The quest to promote a transparency and accountability in Nepal’s system of governance has continued to suffer setbacks. Ever since I first started to grasp the importance of transparency and accountability, both words have been treated as mere political catch phrases among politicians who only wish to pay lip service to them. There is a saying in Nepali, ‘jun jogi ayepani kani chireko’ which means that everybody has the same nature. Linking this saying to political parties, it might suggest that all political parties are the same regardless of the differences in their ideologies since they do not bring about change in the lives of ordinary Nepalese. There is widespread sentiment among citizens in Nepal that political parties are wildly corrupt, and this appears to be supported by Transparency International’s 2015 report that shows that Nepal’s political leadership has not seriously attempted to deal with corruption in the country.Continue reading
Nepal’s democracy has struggled to deliver since its 2006 People’s Movement, which ended the decade long civil war and established Nepal as a republic. Plagued by corruption, nepotism, and an inability to execute basic duties of governance, the country’s leading political parties have often found themselves in a crisis of public trust that has strengthened the hand of ‘radical political parties and royalist forces seeking to destabilize the state.
During elections, the widespread practice of campaign spending at levels far exceeding legal limits through donations from undisclosed contributors has fueled popular frustration. Furthermore, this practice has distorted representative democracy through the sale of political office, thereby making financiers rather than ordinary citizens the key beneficiaries of the electoral process.
In his presentation at the National Endowment for Democracy, Washington DC, CMR-Nepal chairman Tilak Pathak explained why campaign finance must be reformed in order to consolidate democracy in Nepal. Drawing from case studies gathered throughout his career in journalism, he traced the money behind Nepal’s elections and proposed effective mechanisms that can help provide greater transparency and accountability. His presentation was followed by comments with Ivan Doherty.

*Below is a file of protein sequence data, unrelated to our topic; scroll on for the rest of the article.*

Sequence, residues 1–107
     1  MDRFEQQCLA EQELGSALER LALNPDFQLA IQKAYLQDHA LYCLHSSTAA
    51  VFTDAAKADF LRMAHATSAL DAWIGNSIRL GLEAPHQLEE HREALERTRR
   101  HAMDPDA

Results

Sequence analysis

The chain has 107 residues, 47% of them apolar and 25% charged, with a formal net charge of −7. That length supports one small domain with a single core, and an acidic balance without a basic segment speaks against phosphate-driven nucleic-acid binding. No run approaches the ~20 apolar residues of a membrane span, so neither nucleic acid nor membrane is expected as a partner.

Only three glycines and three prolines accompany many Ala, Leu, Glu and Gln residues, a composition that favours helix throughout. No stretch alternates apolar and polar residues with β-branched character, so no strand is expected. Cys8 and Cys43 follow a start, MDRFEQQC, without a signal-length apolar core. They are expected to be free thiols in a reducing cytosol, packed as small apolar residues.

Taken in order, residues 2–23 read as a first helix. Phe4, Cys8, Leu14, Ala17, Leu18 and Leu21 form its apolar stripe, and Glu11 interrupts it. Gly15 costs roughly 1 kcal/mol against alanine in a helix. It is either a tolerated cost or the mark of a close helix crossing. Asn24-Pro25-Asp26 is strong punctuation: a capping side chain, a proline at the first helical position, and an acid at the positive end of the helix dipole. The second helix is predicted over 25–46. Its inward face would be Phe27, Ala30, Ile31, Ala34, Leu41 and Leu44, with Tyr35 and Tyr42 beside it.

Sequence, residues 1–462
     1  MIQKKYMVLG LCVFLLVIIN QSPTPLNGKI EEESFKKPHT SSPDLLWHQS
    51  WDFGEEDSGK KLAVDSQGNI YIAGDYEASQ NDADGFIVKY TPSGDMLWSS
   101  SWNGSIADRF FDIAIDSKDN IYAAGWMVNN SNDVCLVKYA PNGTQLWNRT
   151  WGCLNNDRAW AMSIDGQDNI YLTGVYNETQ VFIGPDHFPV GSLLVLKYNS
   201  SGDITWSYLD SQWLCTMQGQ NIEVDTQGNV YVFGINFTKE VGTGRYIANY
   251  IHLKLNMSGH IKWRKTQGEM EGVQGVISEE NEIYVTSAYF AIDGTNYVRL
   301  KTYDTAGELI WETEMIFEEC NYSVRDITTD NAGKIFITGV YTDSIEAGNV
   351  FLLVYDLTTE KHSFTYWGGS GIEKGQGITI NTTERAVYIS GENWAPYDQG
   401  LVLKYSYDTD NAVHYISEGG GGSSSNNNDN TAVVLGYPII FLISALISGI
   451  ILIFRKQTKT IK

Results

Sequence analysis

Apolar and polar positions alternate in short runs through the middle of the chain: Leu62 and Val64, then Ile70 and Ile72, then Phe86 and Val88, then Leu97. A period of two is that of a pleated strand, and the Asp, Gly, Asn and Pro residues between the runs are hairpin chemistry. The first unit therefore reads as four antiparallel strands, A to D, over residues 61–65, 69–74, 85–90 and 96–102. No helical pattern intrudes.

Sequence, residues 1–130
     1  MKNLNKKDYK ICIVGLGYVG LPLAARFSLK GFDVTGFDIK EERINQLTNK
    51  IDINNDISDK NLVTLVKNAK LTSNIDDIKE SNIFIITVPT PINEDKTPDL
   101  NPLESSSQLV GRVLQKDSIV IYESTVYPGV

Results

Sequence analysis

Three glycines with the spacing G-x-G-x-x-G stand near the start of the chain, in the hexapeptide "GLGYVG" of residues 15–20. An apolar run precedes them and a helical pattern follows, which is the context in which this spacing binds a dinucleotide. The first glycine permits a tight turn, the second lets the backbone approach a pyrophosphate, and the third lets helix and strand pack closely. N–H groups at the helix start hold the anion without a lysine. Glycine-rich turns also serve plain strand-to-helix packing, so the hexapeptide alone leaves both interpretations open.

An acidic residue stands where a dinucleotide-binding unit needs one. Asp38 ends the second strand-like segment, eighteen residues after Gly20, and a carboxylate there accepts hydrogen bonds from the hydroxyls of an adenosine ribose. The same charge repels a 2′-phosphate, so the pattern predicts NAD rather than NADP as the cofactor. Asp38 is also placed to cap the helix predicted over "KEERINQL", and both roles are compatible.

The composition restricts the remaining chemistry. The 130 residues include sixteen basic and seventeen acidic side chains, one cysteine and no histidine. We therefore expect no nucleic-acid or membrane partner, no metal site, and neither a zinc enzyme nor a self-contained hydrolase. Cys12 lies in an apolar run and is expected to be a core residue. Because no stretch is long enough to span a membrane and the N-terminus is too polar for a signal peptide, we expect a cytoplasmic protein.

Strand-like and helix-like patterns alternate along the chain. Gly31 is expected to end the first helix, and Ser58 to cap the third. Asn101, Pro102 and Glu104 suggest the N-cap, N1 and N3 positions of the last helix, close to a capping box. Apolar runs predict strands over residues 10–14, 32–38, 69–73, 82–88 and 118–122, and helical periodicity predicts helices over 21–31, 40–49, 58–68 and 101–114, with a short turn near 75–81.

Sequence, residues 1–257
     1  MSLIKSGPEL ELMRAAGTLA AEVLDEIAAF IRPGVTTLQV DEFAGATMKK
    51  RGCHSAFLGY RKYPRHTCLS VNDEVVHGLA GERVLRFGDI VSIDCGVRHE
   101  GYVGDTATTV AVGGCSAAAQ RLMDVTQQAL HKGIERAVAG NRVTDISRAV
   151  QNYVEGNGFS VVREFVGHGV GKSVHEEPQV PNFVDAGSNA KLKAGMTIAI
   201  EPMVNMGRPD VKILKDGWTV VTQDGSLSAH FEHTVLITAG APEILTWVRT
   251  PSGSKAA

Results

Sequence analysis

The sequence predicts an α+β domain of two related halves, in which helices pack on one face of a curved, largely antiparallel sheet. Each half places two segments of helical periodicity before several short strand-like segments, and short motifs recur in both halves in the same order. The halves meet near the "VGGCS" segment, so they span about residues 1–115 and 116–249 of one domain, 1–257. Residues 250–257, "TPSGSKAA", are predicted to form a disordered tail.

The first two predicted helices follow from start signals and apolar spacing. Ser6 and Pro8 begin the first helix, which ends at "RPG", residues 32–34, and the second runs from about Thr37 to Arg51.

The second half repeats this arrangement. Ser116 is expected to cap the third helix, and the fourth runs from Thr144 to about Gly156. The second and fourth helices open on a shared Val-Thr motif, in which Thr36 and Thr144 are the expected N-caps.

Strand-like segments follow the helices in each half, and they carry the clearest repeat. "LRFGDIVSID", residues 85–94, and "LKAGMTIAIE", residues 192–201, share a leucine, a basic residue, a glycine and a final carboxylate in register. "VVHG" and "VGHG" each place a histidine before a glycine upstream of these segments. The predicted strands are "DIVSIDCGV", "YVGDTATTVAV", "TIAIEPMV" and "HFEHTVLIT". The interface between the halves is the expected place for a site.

Download the PDF of Pathak’s presentation here.
The Center for Media Research – Nepal has published the Nepal Twitter Users Survey 2015: Summary of the Findings. The survey, conducted in January 2015 among 625 respondents, is the continuation of the similar survey conducted in 2013.
The survey is on three broad areas: 1. demographics of Nepali Twitter users, 2. Twitter users’ opinions about the microblogging platform, and 3. psychology of Twitter users on use of Twitter.
To download the report, go to Resources / Download page.
Tilak Pathak, the chairman of the Center for Media Research – Nepal (CMR-Nepal), has received the Reagan-Fascell Democracy Fellow Program 2015-16 offered by the National Endowment for Democracy (NED).
Pathak will spend 5 months (October 2015 to February 2016) in Washington, DC, USA working on a project “Promoting Financial Transparency within Political Parties in Nepal“. Pathak has worked as political correspondent and op-ed editors for top national daily newspapers and a magazine in Nepal throughout his journalistic career.
One of the founding vice-president of the CMR-Nepal, Pathak was unanimously elected chairman in 2013 and will continue the role until early 2016.
The Reagan-Fascell Democracy Fellows Program hosts democratic activists, scholars, and journalists for five-month fellowships, bringing fresh insights and perspectives to Washington, DC. The fellowship offers an important opportunity to explore new ideas in a comparative context, undertake individual research, and share best practices with one another.
CMR-Nepal family congratulates Pathak for the fellowship and wish him all the success in his project.
The Center for Media Research – Nepal (CMR-Nepal) has joined the Global Forum for Media Development (GFMD), the Ethical Journalism Network (EJN) and the Web We Want as a member.
CMR is an associated member of the GFMD. The GFMD is an international membership network of media assistance groups that highlights the importance of independent, pluralistic and sustainable media in social and economic development. GFMD members share a common goal: to foster free, professional and pluralistic media, leading to more open societies, greater transparency and enhanced freedom of expression.
The Ethical Journalism Network promotes ethics, good governance and independent regulation of media content. The EJN was formed in 2011 as a unifying professional campaign bringing together owners, editors and media staff to strengthen the craft of journalism. It works across all platforms and supports partnership at national and international level between media, journalism support groups and the public.
Web We Want is a global initiative of the World Wide Web Foundation. We help everyone to shape and claim the future of the Web.